M. Ward: Pursuing his own Oregon trail
M. Ward's imagination roams free in Portland, where small-scale creativity thrives amid the corporate pop business' decline.
Reporting from Portland, Ore. — "We don't use the word 'grande' here," said the barista at Albina Press, one of the latte-obsessed Pacific Northwest's many shrines to the perfectly pulled cup. "That's a proprietary term of the Starbucks company. Do you mean 'large'?"
While I tried to sweet-talk my way out of a bitter drink, Matt Ward, who'd suggested we meet here, scanned the coffeehouse for a table. Every spot in the large, airy room was taken by someone hunched over a laptop or a book. This cross section of students, unidentified "creatives" and home-office refugees would not tolerate the noise of a journalist quizzing a musician.
So we sat outside, pulling our sweater sleeves down against the January damp. Ward didn't seem to mind. The 35-year-old recording artist, better known by his nickname, M. Ward, had been on his own laptop when I'd come in -- just another independent contractor pursuing his bliss.
In categorical terms, Ward is a singer-songwriter, but really he's a singer-songwriter-plus. He's a gifted guitarist known for his fleet finger-picking and loose, improvisational style; a singer who has developed a distinctive, creamy croon sprinkled with sugary grit; a lover of the American songbook spanning country, classic pop and blues, who doesn't rest in any of those avenues. His seventh solo studio album, "Hold Time," comes out Tuesday on Merge Records. It's a high point in a consistently thought-provoking career, comparable to Joe Henry's "Trampoline" or John Prine's "Bruised Orange."
"I love the idea that I planned my career. I did not," he said. "It started out by getting invitations from artists that I really love and respect, to share a stage. . . . I've been very lucky in that I haven't had to create a five-year plan. It's evolved."
Since releasing his first album on Giant Sand bandleader Howe Gelb's tiny label 10 years ago, Ward, who was born in Ventura County and moved to Portland after college, has kept walking through those open doors. His career is a model of sustainability and slow growth in the midst of the music industry's widely heralded collapse. A notable producer and frequent guest on others' albums, he recently gained a new level of notoriety after collaborating (beautifully, by the way) with actress Zooey Deschanel in the duo She & Him.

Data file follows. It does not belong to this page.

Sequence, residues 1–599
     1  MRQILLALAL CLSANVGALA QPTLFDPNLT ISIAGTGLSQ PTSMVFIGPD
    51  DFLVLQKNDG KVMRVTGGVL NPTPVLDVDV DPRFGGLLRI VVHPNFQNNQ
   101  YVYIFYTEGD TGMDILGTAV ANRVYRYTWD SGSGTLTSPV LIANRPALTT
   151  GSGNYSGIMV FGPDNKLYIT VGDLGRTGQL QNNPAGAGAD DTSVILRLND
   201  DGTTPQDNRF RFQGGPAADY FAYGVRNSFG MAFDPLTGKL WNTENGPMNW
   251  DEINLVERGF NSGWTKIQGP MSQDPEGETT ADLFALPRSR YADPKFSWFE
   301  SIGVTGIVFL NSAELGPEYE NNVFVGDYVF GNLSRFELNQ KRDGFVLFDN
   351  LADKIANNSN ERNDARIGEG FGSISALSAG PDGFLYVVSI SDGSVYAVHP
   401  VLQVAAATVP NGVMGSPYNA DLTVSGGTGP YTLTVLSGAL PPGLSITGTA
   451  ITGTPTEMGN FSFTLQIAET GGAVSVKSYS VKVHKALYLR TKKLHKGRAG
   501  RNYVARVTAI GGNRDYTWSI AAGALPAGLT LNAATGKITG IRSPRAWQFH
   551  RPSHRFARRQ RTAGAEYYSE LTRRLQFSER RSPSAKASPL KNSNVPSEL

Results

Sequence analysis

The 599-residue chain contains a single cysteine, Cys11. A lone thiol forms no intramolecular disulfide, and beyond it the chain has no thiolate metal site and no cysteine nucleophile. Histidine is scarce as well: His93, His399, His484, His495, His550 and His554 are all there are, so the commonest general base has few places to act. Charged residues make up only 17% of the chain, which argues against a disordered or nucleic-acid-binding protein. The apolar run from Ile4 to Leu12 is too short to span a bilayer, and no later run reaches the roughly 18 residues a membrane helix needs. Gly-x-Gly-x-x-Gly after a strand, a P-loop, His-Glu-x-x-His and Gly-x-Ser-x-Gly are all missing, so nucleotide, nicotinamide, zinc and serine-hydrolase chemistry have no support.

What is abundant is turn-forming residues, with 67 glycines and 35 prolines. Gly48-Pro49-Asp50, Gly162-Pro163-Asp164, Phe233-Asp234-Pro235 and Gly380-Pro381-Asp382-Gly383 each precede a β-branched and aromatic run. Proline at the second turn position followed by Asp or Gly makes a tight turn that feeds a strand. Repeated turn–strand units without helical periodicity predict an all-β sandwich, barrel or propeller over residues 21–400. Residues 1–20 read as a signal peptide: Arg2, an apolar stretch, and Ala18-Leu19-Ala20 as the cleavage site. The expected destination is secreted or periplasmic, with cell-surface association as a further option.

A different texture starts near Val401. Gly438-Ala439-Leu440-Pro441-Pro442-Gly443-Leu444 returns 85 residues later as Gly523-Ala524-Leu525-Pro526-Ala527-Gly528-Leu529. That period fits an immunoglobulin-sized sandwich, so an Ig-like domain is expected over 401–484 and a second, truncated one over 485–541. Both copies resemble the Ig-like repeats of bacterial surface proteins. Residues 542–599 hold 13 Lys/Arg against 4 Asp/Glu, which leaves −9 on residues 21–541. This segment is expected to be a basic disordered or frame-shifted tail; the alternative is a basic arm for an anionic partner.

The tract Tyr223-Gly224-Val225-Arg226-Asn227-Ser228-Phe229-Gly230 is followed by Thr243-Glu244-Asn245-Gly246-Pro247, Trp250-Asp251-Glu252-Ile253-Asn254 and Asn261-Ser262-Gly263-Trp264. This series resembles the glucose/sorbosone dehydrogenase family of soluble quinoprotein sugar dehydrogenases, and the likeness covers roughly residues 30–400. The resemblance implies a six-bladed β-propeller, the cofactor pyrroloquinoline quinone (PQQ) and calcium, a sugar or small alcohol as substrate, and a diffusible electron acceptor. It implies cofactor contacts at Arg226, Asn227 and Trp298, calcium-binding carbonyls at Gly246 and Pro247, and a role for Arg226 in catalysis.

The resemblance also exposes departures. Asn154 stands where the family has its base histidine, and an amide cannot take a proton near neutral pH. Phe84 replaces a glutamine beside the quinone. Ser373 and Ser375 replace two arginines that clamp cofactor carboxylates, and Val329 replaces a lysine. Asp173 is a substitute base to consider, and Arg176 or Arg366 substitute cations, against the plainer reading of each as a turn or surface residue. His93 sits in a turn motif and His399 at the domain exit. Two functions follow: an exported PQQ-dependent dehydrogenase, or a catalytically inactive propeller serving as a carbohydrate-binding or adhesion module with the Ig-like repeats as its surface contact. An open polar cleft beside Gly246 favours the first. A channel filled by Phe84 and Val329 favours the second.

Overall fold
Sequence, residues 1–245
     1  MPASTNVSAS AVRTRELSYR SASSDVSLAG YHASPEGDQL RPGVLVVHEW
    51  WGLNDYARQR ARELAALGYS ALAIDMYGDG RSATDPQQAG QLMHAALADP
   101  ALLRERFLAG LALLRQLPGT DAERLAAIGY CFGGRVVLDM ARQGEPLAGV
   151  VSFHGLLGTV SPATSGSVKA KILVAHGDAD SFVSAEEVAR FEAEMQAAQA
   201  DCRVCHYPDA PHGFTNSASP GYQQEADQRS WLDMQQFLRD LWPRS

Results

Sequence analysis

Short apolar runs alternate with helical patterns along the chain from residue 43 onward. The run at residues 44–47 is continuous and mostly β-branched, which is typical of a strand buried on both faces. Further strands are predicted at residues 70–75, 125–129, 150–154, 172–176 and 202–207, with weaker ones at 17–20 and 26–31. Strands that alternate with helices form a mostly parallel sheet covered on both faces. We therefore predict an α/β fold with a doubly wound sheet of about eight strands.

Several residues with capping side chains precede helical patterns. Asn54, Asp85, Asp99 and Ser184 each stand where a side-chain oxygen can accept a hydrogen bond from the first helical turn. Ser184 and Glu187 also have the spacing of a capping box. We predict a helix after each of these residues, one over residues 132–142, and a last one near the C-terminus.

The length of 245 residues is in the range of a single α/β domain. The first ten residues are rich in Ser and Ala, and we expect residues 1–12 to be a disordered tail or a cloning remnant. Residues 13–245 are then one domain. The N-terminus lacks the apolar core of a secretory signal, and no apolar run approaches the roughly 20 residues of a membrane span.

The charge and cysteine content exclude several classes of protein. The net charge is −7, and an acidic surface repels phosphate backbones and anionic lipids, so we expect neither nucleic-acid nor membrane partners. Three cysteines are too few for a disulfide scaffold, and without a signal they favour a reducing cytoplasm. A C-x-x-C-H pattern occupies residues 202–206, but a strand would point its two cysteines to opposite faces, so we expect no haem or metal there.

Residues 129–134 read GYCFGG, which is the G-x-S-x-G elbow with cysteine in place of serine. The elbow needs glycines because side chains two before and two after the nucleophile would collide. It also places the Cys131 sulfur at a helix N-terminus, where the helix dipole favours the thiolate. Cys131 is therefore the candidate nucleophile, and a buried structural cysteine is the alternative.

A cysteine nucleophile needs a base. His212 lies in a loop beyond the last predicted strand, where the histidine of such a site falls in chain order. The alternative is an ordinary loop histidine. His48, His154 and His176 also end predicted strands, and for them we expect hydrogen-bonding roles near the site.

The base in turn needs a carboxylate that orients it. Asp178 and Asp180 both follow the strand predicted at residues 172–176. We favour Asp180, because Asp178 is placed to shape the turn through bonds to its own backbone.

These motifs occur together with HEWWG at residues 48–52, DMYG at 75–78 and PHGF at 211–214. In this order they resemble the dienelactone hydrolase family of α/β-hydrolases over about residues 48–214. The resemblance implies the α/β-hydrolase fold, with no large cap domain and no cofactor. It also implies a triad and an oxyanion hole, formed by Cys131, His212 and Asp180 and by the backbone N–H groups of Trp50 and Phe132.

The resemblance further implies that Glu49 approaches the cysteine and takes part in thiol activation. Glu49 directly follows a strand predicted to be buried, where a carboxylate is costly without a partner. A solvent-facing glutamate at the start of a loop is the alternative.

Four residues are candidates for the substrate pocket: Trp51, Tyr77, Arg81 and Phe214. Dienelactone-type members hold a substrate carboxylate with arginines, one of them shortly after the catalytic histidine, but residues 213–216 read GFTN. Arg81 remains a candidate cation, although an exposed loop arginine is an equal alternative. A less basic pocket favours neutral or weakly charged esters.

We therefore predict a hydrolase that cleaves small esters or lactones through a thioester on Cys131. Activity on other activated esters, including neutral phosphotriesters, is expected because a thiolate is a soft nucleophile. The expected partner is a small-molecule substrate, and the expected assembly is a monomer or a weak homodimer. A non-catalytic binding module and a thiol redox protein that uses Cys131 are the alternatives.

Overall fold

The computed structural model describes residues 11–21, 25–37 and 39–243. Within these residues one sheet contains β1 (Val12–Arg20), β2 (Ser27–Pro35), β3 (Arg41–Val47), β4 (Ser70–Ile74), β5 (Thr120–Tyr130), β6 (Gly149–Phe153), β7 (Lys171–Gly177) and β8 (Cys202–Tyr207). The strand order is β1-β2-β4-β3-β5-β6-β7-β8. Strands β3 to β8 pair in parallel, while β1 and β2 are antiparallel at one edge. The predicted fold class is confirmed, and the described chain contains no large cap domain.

The crash of the corporate pop business has, in a way, helped make careers like Ward's possible. No longer even slightly tempted to strive for the kind of stardom major labels once supported, Ward and his friends -- including Jenny Lewis (whose solo debut, "Rabbit Fur Coat," he produced), Conor Oberst, Neko Case and Jim James of My Morning Jacket -- are making indie rock into an artisanal affair. A commitment to craft and an earnest but uncowed attitude toward history aligns them with post-baby boomer bohemians working in many other avenues: small-batch coffee roasters, letterpress printers, designers remaking vintage clothes in eco-friendly fabrics.
Ward similarly redesigns old patterns in his songs. "There's a lot of reference points of all my songs," he said. "I love the sound of Elmore James, the sound early guitarists like him got just by using minimal means. But I'd want to pair that with strings that remind me of a Billie Holiday record. Those are the kinds of juxtapositions I'm striving for. It's never going to happen where Chet Atkins played guitar with your favorite singer from some different decade. But I can pretend, and that's where the sounds often come from."
Ward's music has been called "mysterious" and "timeless" -- vague terms that fail to capture the intricate nature of his artistic process. It's more accurate to say that Ward is making a game of history, in the most serious and attentive way. His compositional process involves digging through four-track tapes he's been making since his teens, matching songs from different points on his own timeline until he comes up with a thread that coheres.